Government Watchdog Questions Export-Import Bank’s $75,000 Lease of ‘Luxury’ Vehicle

By Published on April 13, 2016

A new report from the Export-Import Bank’s independent watchdog questions whether a five-year lease of a “luxury vehicle” that cost the agency more than $75,000 qualifies as “essential” to the bank’s mission.

According to an audit conducted by the Export-Import Bank inspector general and released last month, the agency entered into a $75,622 five-year lease of a luxury vehicle intended to transport bank Chairman Fred Hochberg and staff. The bank was required to pay $1,131 per month over a period of 58 months, which included the cost of insurance.

The audit doesn’t describe what kind of vehicle Ex-Im leased. According to the watchdog, Ex-Im’s Office of Contracting Services provided the inspector general with justification for why the vehicle was leased. However, the agency watchdog said the office’s reasoning “did not address why this particular vehicle was ‘essential’ to the bank’s mission.”

The bank did not return The Daily Signal’s request for comment.

“Ex-Im’s chairman is famous for hitting the road, so I’m not surprised by what is in the inspector general’s audit,” House Financial Services Committee Chairman Jeb Hensarling said in a statement to The Daily Signal. “It’s no secret I’m disappointed Congress reauthorized Ex-Im, a flawed agency that clearly needs intense congressional oversight.”

Hensarling, R-Texas, and his committee have jurisdiction over Ex-Im, and he has been one of the bank’s leading critics.

In the report, Ex-Im’s inspector general also questioned why the bank leased a vehicle through a private vendor instead of the General Services Administration and why it paid a contractor for private insurance, since the federal government is self-insured. The audit called on the bank to further explain the costs associated with both the vehicle and insurance.

The inspector general said it will produce a report in the future exploring the bank’s lease of the car.

Ex-Im’s watchdog conducted the audit to determine if the bank was adhering to the federal regulations and guidance that govern its contracting processes.

In addition to questions surrounding Ex-Im’s lease of a luxury vehicle, the audit also found that the bank lacked the adequate internal controls needed to ensure the bank was adhering to federal contracting regulations.

Because of these issues, the bank made two duplicate payments totaling $304,462, which the bank recovered. It also spent $115,295, described as “unnecessary costs,” to train four contracted employees. The employees attended 14 Cisco training classes, which didn’t cover programs unique to the bank and instead provided them with skills “acquired in the general market place.”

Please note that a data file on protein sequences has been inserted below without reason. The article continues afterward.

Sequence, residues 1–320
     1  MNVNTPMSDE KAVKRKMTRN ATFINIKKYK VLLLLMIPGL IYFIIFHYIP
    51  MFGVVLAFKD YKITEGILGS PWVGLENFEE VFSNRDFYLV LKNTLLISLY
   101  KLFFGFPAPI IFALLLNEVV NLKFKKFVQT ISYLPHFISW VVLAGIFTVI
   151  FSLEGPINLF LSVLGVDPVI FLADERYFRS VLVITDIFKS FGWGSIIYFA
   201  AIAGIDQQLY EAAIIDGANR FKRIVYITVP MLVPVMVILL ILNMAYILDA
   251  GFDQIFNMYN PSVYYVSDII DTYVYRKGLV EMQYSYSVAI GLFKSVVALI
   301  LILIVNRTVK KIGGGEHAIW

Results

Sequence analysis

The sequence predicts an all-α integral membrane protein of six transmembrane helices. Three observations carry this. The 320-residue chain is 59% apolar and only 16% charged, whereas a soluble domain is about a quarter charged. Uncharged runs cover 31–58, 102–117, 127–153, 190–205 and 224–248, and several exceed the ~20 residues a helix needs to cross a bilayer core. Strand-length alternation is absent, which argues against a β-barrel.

Ex-Im provides taxpayer-backed loans and loan guarantees to foreign countries and companies for the purchase of U.S. products.

Hochberg and other bank officials faced scrutiny in the past for their spending. In 2014, documents obtained by the House Financial Services Committee showed Ex-Im officials exceeded their travel budget by $3 million from 2012 to 2014.

In 2012, the bank budgeted $1.7 million for travel expenses and ended up spending $2.7 million. In 2013, Ex-Im budgeted $1.2 million for travel and spent $2.2 million, and in 2014, the bank budgeted $1.3 million and expected its spending on travel to reach $2.3 million.

In response to the disclosure to the Financial Services Committee, Hochberg said travel was needed for both business development and to monitor “efforts associated with a particular transition.”

Though for the majority of the bank’s 81-year history it has existed largely without controversy, conservative lawmakers in the House and Senate have slowly begun to question its existence.

Arguing Ex-Im is an engine of cronyism and corporate welfare, lawmakers like Hensarling who opposed the agency successfully mounted a campaign to allow its charter to expire. After a short-term reauthorization extended Ex-Im’s lifespan from October 2014 to July 2015, the bank’s charter lapsed for nearly five months this summer.

Congress reauthorized the bank in December.

Copyright 2016 The Daily Signal



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